Baking is very precise and calls for exact measurements to produce a quality product. When I test a new baked good, I document the measurements as I go along.
Cooking something like a soup or stew is different. I “eyeball” ingredients, do a lot of tasting and adjusting of flavors. If I feel “something” is missing, that “something” gets added. The final product doesn’t rely heavily on explicit measurements to make it taste good. My taste buds determine if it tastes good.
Take this Beef Stew for instance, I can make this stew frontwards and backwards and never look at a recipe book or measure a single ingredient. I did my best to document this recipe for you. This stew is full of beef, veggies and a flavorful brown gravy. Just remember, if you give it a taste and find “something” is missing, don’t be afraid to make additions. This is what makes cooking fun.
2 pounds top round, cubed into bite size pieces
1 teaspoon of granulated garlic
1 1/2 teaspoons of kosher salt
1/4 cup of olive oil
1/2 cup of unbleached all-purpose flour*
2 sweet onions, chopped
12 ounces of cremini mushrooms, sliced
1/2 cup of red wine
6 cups of beef broth
2 cups of carrots, cut into bite sized pieces
1 1/2 pounds of sweet potatoes, cut into bite sized pieces
1-2 teaspoons of French Thyme or to taste
3-4 teaspoons of beef boullion, optional and to taste
1 bay leaf
Salt & pepper to taste
*Make this gluten free. Skip the flour and use 3-4 tablespoons of cornstarch mixed with cold water. When the soup is almost done, add the mixture and bring the stew up to a boil. In about 1 minute, the stew should be nice and thick.
Chop the onions and set them in a medium sized bowl.
I employed my daughter in the making of this stew. She cleaned the mushrooms and then I sliced them. Add the sliced mushrooms to the bowl of onions.
Slice the carrots and transfer them to ANOTHER medium sized bowl. Peel the sweet potato, cut into bite sized pieces and add them to the bowl holding the carrots.
Grab your raw meat cutting board and another bowl, yes, three different bowls in total. Pat the beef dry with a paper towel. According to Julia Child, this gives the beef a chance to really brown up nicely. I have to agree.
Trim the beef of extra fat, cube and sprinkle on the 1 1/2 teaspoons of salt and garlic powder. Massage the beef and transfer the beef to a bowl. Let it rest for 20 minutes. Sterilize your knife and cutting board.
In a Dutch oven over medium high heat, pour in the olive oil. Split the beef up into two batches and place half the beef in the oil in a single layer. You want to sear the meat. In about a minute or two, give the beef a turn. Once the beef has browned on all sides, remove the first batch and add the second batch. Browning the beef in two batches will keep the meat from boiling in its own juices and give you some nice crusty bits to scrape off the bottom of the pot when you add the liquids. Your meat will also be more tender and flavorful.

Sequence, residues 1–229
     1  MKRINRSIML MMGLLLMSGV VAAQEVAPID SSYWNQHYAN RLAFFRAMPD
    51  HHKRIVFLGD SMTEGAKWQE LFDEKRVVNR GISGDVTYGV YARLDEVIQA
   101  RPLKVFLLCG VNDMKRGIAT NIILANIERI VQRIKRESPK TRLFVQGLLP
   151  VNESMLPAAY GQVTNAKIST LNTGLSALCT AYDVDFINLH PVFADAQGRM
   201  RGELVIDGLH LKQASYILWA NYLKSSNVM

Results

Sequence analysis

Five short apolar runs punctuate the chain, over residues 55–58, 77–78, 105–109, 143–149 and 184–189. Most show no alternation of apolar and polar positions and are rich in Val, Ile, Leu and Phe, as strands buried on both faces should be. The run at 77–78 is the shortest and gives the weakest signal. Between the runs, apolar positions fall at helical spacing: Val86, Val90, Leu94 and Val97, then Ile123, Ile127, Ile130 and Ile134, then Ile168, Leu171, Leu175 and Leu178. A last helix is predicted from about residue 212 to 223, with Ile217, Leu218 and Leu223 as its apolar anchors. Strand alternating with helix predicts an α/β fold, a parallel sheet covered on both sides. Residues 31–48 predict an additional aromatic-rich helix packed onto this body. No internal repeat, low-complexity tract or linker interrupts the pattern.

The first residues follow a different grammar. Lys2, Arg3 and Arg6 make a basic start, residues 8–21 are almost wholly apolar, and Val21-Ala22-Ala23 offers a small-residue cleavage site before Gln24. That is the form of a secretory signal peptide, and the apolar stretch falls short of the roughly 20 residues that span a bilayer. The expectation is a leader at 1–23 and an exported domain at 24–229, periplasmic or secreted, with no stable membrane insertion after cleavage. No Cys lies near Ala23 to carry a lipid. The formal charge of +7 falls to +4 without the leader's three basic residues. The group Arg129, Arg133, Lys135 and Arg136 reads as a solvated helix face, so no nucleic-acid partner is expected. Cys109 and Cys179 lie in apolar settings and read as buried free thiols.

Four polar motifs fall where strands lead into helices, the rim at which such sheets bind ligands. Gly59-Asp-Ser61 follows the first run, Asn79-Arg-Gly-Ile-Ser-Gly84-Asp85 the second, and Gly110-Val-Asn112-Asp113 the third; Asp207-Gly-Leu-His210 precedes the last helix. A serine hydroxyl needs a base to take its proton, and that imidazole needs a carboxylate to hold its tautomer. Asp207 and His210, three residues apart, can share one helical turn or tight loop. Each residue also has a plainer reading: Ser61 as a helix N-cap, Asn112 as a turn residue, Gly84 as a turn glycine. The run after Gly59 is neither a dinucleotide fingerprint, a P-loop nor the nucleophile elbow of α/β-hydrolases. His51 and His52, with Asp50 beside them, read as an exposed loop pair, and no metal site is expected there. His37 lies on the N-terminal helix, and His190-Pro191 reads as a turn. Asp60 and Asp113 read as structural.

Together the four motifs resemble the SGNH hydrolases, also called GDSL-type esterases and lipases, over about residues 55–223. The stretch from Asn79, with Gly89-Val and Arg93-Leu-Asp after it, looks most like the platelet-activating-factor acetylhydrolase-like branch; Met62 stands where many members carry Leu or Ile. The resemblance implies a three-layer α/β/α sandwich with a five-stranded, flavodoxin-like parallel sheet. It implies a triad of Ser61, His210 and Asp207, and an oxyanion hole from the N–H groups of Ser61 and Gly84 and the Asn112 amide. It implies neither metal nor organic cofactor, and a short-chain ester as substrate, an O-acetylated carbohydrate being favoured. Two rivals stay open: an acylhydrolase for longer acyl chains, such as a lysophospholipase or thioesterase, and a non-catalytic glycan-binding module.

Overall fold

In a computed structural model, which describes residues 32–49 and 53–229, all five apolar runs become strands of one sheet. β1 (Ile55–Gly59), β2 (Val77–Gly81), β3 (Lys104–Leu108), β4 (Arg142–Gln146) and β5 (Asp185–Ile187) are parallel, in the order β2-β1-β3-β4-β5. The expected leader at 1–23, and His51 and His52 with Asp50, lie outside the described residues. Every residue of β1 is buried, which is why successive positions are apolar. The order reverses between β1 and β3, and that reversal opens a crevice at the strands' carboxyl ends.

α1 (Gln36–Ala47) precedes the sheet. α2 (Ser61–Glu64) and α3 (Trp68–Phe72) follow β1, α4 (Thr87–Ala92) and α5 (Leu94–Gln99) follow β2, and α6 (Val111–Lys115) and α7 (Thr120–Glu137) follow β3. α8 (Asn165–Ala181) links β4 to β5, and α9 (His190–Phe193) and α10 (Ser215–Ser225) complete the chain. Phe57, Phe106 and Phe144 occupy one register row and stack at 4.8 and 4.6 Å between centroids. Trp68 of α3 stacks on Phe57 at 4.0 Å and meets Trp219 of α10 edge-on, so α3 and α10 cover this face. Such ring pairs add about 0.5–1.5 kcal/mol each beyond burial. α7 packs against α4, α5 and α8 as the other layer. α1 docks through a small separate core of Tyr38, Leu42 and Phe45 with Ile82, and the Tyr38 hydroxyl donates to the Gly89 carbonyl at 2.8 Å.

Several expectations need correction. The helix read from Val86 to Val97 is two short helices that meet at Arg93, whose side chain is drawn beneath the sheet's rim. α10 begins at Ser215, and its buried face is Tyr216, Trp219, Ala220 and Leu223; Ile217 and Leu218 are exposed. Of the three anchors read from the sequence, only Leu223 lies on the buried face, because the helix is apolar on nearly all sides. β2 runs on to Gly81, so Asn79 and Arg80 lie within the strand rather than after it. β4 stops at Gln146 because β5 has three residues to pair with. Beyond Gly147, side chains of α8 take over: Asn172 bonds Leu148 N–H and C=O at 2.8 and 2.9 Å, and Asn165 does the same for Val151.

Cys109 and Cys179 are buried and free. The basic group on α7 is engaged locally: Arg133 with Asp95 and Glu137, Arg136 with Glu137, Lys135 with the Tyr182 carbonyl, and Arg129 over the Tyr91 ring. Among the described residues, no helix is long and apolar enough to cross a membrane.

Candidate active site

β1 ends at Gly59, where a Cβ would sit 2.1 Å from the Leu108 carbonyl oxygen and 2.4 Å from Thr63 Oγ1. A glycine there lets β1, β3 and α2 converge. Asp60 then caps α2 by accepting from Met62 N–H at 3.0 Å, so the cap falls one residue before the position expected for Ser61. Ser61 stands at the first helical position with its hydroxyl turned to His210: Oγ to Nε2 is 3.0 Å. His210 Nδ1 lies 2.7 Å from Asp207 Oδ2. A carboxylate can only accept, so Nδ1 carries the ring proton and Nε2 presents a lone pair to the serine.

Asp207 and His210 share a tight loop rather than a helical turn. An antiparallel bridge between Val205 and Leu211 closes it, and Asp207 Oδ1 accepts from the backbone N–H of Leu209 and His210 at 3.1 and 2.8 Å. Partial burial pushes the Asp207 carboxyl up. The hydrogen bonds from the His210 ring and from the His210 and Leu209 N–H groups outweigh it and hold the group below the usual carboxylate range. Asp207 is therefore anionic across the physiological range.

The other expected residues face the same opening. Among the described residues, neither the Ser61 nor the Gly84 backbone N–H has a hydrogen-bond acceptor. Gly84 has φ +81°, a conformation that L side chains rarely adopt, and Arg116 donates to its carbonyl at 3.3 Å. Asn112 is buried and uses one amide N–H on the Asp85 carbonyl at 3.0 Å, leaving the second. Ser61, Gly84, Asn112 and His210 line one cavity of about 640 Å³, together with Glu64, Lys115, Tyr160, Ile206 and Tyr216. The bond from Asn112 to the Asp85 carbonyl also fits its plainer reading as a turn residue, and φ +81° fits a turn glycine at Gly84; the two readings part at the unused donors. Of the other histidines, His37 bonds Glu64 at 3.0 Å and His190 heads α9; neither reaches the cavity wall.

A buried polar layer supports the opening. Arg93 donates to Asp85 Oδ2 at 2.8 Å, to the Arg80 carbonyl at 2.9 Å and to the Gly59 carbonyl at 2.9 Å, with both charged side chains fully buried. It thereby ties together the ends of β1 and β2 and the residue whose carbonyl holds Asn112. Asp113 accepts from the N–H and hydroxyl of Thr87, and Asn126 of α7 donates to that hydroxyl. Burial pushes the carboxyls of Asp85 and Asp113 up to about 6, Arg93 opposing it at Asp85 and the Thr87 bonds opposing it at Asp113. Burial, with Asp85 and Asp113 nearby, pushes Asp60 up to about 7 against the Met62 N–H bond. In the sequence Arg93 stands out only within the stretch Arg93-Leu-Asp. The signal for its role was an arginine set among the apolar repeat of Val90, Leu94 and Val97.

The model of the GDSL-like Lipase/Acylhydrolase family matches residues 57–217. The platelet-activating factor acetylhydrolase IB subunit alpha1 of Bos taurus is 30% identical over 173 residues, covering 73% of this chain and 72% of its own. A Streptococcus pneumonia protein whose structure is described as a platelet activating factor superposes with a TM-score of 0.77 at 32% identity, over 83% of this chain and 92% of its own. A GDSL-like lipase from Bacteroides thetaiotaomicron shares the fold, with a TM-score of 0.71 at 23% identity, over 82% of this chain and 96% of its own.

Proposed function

Notice my picture, I had a brain fart here. Somehow I got distracted and threw all the meat into the pot. You’ll still have outstanding beef stew. The beef just sort of simmers here instead of searing. Heck, try both ways, see which you like better.
Once all the beef has been seared, make sure all the beef, mushrooms and onions make it back to the pot.
Continue to cook until the veggies are soft, about 4-5 minutes. Pour in the red wine and let the wine reduce, about 2 minutes. Sprinkle on the flour and thyme, give it a good stir and cook down for another minute.
Gluten free folks can skip the flour addition, but add the thyme.
Slowly add the beef broth and stir continuously. Carefully add the carrots, sweet potatoes and bay leaf.
Bring the stew up to a boil and reduce to a simmer for about 45 minutes or until the potatoes and carrots are tender. Give the stew a taste.
I like a very beefy tasting stew so I add a couple teaspoons of beef bouillon. Stir in some salt and pepper. Give it a taste, adjust the seasonings as desired.
Gluten free folks, this is where you would add your cornstarch and water mixture. Bring the stew to a boil and let cook for another minute.
PREPARATION TIP: Store your beef stew up to 4 days in the refrigerator. Leftovers are always better after the flavors have been given a chance to mingle. This stew can be frozen for future meals. Thaw in the refrigerator overnight and bring the stew up to 165 degrees upon reheating. This recipe will feed 6-8 people.
While your beef stew is simmering away to soften the carrots and sweet potatoes, how about making some biscuits.
2 cups of unbleached all-purpose flour
3 teaspoons of baking powder
1/2 teaspoon of kosher salt
1 stick of cold unsalted butter
3/4 cups of cold buttermilk
2 tablespoons of granulated sugar
Preheat the oven to 400 degrees and line a baking sheet with parchment paper.
In a stand mixer with a paddle attachment, mix together the flour, baking soda and salt. Cut the butter into 8 pieces and scatter them around the flour mixture. Turn on the mixer on low for 1 minute or until the butter has become the size of a pea. Whisk together the buttermilk and sugar and pour into the flour and beat on low for 15-20 seconds.
Dump the dough onto a clean, lightly floured surface. Knead the dough a few times by folding the dough in half and pressing down into a 1 inch disc. Using a floured 3 inch biscuit cutter or glass, cut the biscuits. The dough should yield 5 large biscuits.
Bake for 15 minutes or until the biscuits are light brown.